Patients with ultra-rare bone marrow disease are set to benefit from £1.15m grant from LifeArc and The Aplastic Anaemia Trust. The grant will support researchers from King’s College London and King’s College Hospital to test a personalised treatment for aplastic anaemia patients who have not responded to available therapies
The grant has been awarded to investigate the potential of a novel type of personalised cellular therapy to reverse the ultra-rare condition aplastic anaemia (AA). The results of this research could give new hope to people living with a severe, life-limiting form of this condition.
The grant will fund a clinical trial to investigate the safety and efficacy of using a patient’s own T-reg cells to restore the blood-making function of the bone marrow. This follows laboratory-based research from the team of scientists where T-reg cells from a patient’s own blood were collected, selected for activity and multiplied. In a test tube, these cells prevented the immune system from attacking the patient’s bone marrow stem cells.
AA is an ultra-rare life-threatening illness caused by the bone marrow failing to make enough of all three types of blood cells — red blood cells, white blood cells and platelets. Only around 100-150 people in UK are diagnosed per year, affecting all ages but most commonly people between the ages of 10 to 20 years old and those over the age of 60 years.
People with the illness are at greater risk of infections, bleeding, and can experience extreme fatigue, which leaves them unable to carry out simple daily tasks that most people take for granted. Around one in three patients with severe AA fail to respond to existing drug treatments and the other option — a bone marrow transplant – is reliant on finding a suitable donor, requires life-long treatment with immunosuppression therapy and is unsuccessful in one in three people.
The trial at King’s College London and King’s College Hospital will run for three years and aims to recruit nine patients. A blood sample of the patient’s T-reg cells will be extracted, purified and grown in the lab before being given back to them in a higher concentration. As patients with AA are more susceptible to infection, this personalised treatment approach is more likely to avoid the risk of severe infection and inflammation.
Professor Ghulam Mufti, Department of Haematological Medicine at King’s College London and King’s College Hospital, and lead study investigator said: “For patients with this ultra-rare disease, we’re looking for the first time at a personalised medicine approach where their own immune cells could be used to alter their disease. In AA there is a reduction in the number of T-regs and most of the ones that the AA patients do have are non-functional. We’ve seen success in the laboratory by selecting and bolstering the number of functional T-reg cells. Now, with funding from LifeArc and the AAT, we can investigate the potential of this approach in treating AA patients who currently have very limited treatment options.”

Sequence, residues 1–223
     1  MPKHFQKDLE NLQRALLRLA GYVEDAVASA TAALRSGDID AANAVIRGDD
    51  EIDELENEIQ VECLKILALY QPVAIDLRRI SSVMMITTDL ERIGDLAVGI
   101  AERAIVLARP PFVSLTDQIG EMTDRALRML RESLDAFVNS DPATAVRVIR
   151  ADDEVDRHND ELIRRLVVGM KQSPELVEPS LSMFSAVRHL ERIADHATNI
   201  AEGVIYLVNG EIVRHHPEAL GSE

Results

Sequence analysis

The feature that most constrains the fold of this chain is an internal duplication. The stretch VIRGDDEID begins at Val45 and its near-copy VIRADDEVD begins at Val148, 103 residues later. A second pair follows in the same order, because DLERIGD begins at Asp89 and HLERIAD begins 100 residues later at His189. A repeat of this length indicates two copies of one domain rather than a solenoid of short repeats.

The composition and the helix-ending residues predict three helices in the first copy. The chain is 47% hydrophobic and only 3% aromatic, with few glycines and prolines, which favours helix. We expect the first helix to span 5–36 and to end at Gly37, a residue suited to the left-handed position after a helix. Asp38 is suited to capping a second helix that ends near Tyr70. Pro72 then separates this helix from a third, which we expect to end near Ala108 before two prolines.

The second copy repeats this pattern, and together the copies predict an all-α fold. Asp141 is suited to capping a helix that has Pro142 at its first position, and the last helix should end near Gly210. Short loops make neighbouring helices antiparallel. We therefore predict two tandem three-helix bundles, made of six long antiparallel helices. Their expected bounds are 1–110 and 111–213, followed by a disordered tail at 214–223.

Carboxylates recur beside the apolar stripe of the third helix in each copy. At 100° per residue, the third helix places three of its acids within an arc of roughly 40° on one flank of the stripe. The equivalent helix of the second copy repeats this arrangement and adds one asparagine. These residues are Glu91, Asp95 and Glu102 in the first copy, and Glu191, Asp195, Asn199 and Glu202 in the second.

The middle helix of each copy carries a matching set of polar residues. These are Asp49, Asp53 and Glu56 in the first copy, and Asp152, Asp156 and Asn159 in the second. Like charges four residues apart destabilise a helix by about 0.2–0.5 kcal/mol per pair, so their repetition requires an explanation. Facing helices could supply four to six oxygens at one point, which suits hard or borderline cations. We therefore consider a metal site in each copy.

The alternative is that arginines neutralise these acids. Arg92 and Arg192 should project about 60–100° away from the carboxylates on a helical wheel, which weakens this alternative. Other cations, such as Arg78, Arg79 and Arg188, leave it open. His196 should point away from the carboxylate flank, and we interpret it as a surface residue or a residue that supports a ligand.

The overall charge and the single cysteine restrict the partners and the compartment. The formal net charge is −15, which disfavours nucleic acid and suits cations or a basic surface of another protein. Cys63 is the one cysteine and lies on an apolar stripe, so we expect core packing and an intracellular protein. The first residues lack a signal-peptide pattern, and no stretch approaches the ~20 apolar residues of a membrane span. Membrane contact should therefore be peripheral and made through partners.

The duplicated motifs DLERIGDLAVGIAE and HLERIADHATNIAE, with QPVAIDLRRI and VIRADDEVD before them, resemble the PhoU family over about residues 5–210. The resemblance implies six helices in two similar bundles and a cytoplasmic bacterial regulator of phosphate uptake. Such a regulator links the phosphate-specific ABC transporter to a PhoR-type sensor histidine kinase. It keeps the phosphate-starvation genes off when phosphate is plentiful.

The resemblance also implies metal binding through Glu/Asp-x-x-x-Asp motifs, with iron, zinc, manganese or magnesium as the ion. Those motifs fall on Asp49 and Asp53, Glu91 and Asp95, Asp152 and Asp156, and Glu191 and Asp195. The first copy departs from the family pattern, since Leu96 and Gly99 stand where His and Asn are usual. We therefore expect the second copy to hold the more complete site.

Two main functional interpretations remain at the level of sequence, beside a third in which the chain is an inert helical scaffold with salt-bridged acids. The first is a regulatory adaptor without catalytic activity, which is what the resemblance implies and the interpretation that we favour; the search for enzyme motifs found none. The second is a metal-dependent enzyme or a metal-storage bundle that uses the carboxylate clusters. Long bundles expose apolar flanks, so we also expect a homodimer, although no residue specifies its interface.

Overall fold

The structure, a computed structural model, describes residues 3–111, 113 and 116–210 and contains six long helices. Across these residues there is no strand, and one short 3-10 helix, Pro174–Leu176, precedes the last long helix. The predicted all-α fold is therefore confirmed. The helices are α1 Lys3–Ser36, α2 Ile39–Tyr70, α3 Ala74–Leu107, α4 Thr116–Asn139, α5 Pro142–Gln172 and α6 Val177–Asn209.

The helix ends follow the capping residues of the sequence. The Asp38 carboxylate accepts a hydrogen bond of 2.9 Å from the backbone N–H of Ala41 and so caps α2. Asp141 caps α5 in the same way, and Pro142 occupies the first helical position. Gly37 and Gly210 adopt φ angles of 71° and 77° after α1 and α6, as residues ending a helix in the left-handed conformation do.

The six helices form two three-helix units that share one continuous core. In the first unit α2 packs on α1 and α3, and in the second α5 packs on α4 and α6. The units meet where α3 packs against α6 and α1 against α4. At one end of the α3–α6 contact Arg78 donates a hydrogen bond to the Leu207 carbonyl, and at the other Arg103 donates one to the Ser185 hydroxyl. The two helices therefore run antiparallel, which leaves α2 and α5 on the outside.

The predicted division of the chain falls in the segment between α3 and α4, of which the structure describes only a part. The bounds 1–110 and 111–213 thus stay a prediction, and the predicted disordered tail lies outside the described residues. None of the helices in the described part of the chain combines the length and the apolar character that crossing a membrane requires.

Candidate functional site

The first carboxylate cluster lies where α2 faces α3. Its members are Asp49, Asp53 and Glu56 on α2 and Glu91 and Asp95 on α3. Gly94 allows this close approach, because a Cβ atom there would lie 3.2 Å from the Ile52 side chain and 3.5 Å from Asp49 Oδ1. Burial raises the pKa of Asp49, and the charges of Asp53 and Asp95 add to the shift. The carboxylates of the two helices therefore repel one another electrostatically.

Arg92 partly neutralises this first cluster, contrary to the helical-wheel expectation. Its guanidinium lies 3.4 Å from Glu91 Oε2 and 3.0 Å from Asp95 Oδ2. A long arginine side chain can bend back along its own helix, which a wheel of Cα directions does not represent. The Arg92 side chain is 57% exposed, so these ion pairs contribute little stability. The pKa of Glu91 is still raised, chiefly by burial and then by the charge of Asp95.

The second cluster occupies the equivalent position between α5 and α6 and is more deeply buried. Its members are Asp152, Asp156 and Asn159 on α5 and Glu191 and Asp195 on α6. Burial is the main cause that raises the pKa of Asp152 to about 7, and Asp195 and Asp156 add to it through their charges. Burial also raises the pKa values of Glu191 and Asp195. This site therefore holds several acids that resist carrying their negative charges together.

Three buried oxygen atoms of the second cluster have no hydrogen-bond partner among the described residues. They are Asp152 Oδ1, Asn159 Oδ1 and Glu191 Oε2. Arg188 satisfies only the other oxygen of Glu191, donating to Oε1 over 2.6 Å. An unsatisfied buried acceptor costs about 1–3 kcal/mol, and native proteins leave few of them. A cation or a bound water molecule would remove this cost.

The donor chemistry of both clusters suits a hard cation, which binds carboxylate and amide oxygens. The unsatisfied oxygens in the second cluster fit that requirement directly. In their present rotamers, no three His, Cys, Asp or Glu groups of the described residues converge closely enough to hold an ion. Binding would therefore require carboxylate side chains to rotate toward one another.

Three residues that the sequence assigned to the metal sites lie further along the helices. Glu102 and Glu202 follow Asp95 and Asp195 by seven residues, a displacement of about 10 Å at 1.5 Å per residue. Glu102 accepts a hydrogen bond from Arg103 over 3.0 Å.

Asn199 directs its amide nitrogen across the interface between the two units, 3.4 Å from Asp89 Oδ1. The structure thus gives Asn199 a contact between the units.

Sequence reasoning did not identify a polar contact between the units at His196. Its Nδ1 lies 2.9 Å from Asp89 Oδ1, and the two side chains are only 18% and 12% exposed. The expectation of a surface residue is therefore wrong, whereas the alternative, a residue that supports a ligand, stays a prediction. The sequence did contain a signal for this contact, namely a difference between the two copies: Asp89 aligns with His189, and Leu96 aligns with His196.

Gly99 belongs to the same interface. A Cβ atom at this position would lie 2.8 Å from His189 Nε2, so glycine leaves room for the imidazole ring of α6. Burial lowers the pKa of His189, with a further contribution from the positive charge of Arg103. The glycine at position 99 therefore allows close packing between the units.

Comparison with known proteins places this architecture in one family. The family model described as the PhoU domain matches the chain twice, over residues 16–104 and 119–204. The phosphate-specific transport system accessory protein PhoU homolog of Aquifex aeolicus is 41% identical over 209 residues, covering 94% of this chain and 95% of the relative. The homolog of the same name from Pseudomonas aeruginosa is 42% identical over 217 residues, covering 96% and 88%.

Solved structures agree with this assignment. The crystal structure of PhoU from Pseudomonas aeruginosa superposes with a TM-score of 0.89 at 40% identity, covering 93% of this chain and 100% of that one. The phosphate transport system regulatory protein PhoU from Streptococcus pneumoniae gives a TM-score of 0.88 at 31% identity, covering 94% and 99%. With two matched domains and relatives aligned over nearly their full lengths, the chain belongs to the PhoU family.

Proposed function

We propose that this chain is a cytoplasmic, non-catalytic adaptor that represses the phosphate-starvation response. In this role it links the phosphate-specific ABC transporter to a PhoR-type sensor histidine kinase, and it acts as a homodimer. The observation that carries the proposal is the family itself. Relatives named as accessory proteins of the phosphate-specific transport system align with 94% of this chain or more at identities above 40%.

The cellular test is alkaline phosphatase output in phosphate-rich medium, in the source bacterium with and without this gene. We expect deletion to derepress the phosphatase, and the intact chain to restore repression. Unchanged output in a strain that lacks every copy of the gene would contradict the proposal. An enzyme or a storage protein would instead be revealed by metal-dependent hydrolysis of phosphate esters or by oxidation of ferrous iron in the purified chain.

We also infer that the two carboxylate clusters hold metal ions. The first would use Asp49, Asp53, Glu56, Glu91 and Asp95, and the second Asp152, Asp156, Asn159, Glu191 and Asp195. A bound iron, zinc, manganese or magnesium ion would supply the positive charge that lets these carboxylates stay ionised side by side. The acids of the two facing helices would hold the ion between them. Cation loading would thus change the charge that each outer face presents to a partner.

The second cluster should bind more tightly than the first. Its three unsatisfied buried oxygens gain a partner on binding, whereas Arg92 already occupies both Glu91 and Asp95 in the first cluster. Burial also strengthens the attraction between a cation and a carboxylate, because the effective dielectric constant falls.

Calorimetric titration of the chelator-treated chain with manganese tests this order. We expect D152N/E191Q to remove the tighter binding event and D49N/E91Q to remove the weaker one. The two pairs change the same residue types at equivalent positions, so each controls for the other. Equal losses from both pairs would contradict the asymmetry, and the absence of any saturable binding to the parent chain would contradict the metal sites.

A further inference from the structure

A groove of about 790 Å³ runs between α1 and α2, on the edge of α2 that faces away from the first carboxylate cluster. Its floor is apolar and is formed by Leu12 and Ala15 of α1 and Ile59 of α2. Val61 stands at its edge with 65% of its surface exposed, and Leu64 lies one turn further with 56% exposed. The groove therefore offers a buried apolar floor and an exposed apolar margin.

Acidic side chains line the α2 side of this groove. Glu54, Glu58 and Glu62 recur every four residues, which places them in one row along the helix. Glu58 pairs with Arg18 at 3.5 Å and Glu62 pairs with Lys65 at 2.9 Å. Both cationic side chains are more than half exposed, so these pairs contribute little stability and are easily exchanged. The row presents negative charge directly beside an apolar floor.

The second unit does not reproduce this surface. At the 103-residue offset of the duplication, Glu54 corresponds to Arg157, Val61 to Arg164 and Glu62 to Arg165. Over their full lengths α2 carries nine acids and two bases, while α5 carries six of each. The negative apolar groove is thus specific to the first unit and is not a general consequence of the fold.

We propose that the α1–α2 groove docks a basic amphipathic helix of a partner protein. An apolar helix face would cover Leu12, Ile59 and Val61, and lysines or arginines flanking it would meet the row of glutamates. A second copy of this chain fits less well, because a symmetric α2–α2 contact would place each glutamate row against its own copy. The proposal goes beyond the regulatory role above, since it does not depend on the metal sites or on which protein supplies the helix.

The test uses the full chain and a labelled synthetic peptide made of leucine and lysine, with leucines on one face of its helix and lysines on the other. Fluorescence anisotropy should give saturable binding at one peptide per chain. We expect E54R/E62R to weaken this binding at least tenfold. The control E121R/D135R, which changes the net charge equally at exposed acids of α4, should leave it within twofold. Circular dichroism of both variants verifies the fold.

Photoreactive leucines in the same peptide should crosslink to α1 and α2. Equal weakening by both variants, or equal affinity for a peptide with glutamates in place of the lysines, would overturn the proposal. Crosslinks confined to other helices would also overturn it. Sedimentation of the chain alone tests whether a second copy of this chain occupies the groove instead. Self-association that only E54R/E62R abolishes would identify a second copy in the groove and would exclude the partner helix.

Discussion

Dr Catriona Crombie, LifeArc’s Head of Philanthropic Fund explained why the charity had approved the funding: “LifeArc set up the Philanthropic fund to support translational research into rare diseases, where there is less interest from commercial organisations. Patients with AA can have limited treatment options; this opportunity with King’s College London, King’s College Hospital and the AAT has the potential to transform the lives of patients living with a severe form of the disease.”
Grazina Berry, Chief Executive of the AAT said: “AA can severely impact a person’s quality of life. Through AAT’s close work with King’s College London and King’s College Hospital as a specialist centre of clinical care and research in AA, we identified the project with the most potential to directly benefit patients who are currently at a loss for solutions. We are delighted to have partnered with LifeArc and King’s College London and King’s College Hospital to progress this ground-breaking work, which could potentially enable people living with severe AA to once again lead a normal life.”